4. Application of Developer:
After excess penetrant has been removed a white developer is applied to the sample. Several developer types are available, including: non-aqueous wet developer, dry powder, water suspendable, and water soluble. Choice of developer is governed by penetrant compatibility (one can't use water-soluble or suspendable developer with water-washable penetrant), and by inspection conditions. When using non-aqueous wet developer (NAWD) or dry powder, the sample must be dried prior to application, while soluble and suspendable developers are applied with the part still wet from the previous step. NAWD is commercially available in aerosol spray cans, and may employ acetone, isopropyl alcohol, or a propellant that is a combination of the two. Developer should form a semi-transparent, even coating on the surface.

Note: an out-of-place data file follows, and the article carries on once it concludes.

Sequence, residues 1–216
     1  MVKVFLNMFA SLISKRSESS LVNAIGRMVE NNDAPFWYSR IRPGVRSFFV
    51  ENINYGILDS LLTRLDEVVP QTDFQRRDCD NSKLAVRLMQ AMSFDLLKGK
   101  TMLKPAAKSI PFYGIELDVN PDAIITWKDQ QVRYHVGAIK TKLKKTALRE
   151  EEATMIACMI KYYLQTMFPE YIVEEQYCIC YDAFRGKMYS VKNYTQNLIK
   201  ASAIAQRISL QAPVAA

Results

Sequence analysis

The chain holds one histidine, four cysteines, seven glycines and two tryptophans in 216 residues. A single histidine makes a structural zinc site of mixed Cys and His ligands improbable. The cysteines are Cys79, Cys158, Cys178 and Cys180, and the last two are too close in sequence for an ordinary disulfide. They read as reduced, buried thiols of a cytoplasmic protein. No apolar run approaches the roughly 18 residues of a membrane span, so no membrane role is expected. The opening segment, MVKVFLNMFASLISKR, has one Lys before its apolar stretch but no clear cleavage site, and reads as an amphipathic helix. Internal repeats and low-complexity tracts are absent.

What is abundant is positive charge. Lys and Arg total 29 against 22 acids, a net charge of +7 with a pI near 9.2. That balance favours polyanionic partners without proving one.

The developer draws penetrant from defects out onto the surface to form a visible indication, commonly known as bleed-out. Any areas that bleed-out can indicate the location, orientation and possible types of defects on the surface. Interpreting the results and characterizing defects from the indications found may require some training and/or experience [the indication size is not the actual size of the defect]
The inspector will use visible light with adequate intensity (100 foot-candles or 1100 lux is typical) for visible dye penetrant. Ultraviolet (UV-A) radiation of adequate intensity (1,000 micro-watts per centimeter squared is common), along with low ambient light levels (less than 2 foot-candles) for fluorescent penetrant examinations. Inspection of the test surface should take place after 10 to 30 minute development time, depends of product kind. This time delay allows the blotting action to occur. The inspector may observe the sample for indication formation when using visible dye. It is also good practice to observe indications as they form because the characteristics of the bleed out are a significant part of interpretation characterization of flaws.